Spirituality

The Power of Sacred Canon: Examining its Boundaries

By: Alexander Ciurana

Co-Cath_-_Central_detail_of_the_ceiling

(originally delivered at the Mokarow Bible Conference, The Woodlands, Texas)

Since the dawn of the scribal arts, humankind has expressed an innate desire to record encounters with the divine. Writings manifesting themselves in sacred lore, fanciful tales, mythical-nationalistic histories, wisdom proverbs, apocalyptic imagery, poetry and various other genres have found a special place in the hearts of millions. In time, most religious traditions compiled certain texts, preferring some to others, and ascribed authority to these texts for official and/or devotional use. Today, most major religions have writings considered more or less authoritative. Some religions, however, maintain or have maintained a perpetual stream of holy writ, whereby writings of more recent times are considered worthy of special status. This dynamic is typically known as open canon. In contrast, other world religions have adopted the concept of closed canon, whereby writings of modern times are never viewed as “scripture” because it is believed the divine action of inspired literature has come to completion. Simply put, an open canon provides borders that expand; a closed canon has fixed borders.

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To Be a Spiritual Counsellor

By: Alexander Ciurana

If you are to truly be a “spiritual counselor”, there may be a few loose ribbons to your training requiring some attention.  Until these are tended to, there is little justification for any real synthesis between spiritual guidance and psychology.  You may not yet possess the requisite lens to make this synthesis, and if this is so, you do not understand over 90 per cent of the world’s population from a spiritual or religious vantage.

Allow me to explicate…
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Dangerous Doctrines: The Serpent Seed

By: Monique Zorzella

Cain exiled. Phillip Medhurst

You may be aware of an unpopular and peculiar Biblical doctrine called the dual seed, serpent’s seed, or Satan’s seed doctrine. Simply put for those who are not acquainted with this concept, it is the teaching that Eve had a sexual encounter with Nachash (the serpent) in Gan Eden. There are variations of beliefs within this teaching, but there are a few fundamental concepts that many proponents of this doctrine would agree on:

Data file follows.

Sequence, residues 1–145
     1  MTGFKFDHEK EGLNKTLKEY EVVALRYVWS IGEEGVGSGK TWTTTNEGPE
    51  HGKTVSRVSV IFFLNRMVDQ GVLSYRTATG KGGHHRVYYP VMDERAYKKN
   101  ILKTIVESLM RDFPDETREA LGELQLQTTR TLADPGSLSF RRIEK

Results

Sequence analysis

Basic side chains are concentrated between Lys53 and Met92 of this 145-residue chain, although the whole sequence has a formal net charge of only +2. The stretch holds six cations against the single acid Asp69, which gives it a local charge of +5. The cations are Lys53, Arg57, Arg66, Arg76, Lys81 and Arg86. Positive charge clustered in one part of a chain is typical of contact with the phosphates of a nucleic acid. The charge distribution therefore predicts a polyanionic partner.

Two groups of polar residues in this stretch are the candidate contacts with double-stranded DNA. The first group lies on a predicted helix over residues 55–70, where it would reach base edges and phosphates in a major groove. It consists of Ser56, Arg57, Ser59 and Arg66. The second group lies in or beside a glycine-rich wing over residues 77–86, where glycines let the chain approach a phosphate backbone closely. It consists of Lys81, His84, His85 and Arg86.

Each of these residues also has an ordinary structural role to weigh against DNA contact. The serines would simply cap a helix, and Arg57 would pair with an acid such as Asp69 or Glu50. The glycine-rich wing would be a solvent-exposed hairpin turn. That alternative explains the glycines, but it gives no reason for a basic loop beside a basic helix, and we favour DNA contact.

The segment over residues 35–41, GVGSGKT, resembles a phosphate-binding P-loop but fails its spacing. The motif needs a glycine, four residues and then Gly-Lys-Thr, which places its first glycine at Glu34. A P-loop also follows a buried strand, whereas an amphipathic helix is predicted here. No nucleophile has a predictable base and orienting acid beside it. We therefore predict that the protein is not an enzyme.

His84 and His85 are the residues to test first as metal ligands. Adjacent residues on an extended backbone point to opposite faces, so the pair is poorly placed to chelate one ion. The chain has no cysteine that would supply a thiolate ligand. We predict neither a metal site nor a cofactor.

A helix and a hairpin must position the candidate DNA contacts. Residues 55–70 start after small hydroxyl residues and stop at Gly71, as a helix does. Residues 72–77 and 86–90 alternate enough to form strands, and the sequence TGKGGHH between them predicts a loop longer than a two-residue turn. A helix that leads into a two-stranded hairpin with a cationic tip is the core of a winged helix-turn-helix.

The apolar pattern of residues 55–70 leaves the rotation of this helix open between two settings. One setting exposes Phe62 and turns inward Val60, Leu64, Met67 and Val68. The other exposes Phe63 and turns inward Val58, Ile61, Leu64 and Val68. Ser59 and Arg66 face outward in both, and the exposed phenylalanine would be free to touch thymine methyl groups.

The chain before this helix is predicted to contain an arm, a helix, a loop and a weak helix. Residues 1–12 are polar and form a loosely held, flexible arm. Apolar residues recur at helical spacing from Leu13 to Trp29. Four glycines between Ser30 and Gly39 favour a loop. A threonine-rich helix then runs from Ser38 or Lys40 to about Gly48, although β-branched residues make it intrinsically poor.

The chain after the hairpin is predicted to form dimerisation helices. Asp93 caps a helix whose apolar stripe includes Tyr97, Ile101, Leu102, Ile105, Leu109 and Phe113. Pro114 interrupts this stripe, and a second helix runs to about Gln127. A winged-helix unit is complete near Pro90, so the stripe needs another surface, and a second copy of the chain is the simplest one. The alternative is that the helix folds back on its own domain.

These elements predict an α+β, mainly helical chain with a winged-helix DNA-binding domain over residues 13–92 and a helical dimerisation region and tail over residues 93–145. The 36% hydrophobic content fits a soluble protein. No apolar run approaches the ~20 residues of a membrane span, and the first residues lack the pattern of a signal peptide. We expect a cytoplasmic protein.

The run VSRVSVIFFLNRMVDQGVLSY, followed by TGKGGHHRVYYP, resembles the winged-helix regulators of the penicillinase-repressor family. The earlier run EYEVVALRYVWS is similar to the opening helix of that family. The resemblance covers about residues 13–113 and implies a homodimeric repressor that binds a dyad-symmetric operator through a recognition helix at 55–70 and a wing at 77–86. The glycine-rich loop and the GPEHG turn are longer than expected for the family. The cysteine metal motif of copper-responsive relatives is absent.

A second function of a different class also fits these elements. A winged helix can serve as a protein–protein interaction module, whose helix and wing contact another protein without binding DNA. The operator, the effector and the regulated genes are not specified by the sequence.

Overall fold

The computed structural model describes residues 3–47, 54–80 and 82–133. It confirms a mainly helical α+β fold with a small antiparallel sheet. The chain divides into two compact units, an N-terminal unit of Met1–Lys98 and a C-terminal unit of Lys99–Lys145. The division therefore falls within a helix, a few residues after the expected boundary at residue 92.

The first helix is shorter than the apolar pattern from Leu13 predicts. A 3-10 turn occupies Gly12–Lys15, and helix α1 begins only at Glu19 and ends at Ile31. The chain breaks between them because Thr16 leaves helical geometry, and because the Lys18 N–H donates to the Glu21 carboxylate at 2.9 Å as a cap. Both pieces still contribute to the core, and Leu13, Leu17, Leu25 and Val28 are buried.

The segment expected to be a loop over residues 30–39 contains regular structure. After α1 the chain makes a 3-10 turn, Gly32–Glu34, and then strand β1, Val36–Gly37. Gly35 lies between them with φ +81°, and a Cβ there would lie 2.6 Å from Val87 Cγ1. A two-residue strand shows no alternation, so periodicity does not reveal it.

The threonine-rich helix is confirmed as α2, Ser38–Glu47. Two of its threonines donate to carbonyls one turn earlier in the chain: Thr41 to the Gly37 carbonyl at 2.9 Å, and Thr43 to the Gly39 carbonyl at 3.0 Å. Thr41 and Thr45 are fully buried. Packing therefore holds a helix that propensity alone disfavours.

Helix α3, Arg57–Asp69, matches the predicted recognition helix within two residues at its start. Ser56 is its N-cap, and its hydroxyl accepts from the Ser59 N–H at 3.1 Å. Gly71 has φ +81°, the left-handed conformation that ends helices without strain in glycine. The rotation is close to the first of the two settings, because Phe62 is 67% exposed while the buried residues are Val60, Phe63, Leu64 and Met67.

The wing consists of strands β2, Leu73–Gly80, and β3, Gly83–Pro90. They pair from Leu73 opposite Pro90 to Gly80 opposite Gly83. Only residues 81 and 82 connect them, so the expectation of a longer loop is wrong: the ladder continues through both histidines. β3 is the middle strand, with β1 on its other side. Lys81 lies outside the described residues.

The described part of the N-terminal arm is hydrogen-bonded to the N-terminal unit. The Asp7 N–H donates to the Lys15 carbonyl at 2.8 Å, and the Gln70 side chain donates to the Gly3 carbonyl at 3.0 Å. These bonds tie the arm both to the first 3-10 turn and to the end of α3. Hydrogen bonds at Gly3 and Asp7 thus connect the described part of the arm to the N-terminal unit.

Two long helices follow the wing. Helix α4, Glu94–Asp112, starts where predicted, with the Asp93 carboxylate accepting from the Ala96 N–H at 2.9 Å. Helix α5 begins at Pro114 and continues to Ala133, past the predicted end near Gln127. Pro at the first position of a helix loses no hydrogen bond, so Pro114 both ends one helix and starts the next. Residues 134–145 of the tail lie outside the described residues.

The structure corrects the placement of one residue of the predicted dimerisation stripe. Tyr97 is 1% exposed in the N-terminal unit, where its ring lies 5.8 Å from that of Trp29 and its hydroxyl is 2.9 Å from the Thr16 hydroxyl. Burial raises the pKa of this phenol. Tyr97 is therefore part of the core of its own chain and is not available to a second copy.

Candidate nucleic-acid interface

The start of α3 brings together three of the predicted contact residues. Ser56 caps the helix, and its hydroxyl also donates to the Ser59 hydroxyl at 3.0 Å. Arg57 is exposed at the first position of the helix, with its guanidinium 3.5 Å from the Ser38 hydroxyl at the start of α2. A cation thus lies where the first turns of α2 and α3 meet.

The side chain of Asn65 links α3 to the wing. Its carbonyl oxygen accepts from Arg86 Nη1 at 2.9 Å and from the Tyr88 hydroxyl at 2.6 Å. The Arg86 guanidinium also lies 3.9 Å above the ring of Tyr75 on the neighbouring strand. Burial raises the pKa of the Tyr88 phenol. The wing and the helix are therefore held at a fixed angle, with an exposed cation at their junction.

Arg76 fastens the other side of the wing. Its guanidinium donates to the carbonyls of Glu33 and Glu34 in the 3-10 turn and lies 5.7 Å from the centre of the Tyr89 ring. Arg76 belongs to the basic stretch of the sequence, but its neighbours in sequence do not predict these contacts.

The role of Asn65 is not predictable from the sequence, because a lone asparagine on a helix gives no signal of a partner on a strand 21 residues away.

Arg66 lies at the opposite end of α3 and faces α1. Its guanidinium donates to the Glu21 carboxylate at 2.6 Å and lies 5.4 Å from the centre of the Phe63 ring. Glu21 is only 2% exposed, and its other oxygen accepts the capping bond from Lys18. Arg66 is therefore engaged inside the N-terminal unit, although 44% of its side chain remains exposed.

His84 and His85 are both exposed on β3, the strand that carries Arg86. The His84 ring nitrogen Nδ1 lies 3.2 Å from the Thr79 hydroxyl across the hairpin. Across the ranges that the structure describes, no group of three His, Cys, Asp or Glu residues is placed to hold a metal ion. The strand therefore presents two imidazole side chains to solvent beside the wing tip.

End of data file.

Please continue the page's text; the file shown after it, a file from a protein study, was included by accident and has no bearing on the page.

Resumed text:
• Eating the fruit is what one can call a euphemism for fornication. Advocates of this doctrine believe that the Tree of Knowledge of Good and Evil written about in the second and third chapter of Genesis symbolizes knowledge or realization of sexuality. Eve eating the fruit of the forbidden tree was the writers way of describing fornication with the serpent, who is commonly assumed to represent Satan (Revelation 12:9, 20:2).
  • Cain was conceived as a result of the intimate encounter between Eve and Nachash. This was how Satan established a physical bloodline on Earth. Some believe that the bloodline of Satan was eliminated completely in the flood, while others say that Satan’s bloodline still lives on today.

This article seeks to determine the validity of this doctrine by reviewing the evidence given in support of its underlying beliefs.

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Relevant Faith: A Transpersonal Orientation to Christian Doctrine

By: Alexander Ciurana

A few months ago I was engaged in a conversation about Christian doctrine and whether or not certain teachings were true; that is to say real. It soon became evident that religious ethos is always accompanied by pathos. In other words, Christian doctrine evokes, and is inseparable from feeling among the devout. Therefore, a clean and tidy break between religious teaching and religious feeling is unrealistic. And, if this is granted, then religion and psychology meet without any firm boundaries. (more…)

Debunking Miracles

By: Monique Zorzella

In the face of contemporary knowledge, it is said by many skeptics that no reasonable person can believe in the supernatural. As the world finds ways to naturally explain the things that were once an elusive mystery attributed to the divine, the believer finds it increasingly difficult to have faith in the things which are scientifically incomprehensible. Among the most contentious beliefs are divine miracles. Many are mocked for what nonbelievers deem as fanciful speculation of the things not yet known. Unbelievers argue that there is no scientific evidence for miracles so it is safe to assume that they probably do not occur. Additionally, skeptics argue that the lack of evidence for miracles invalidates the existence of God. Closer examination of the reasons they offer in favor of their position reveals that their view fails to be convincing.

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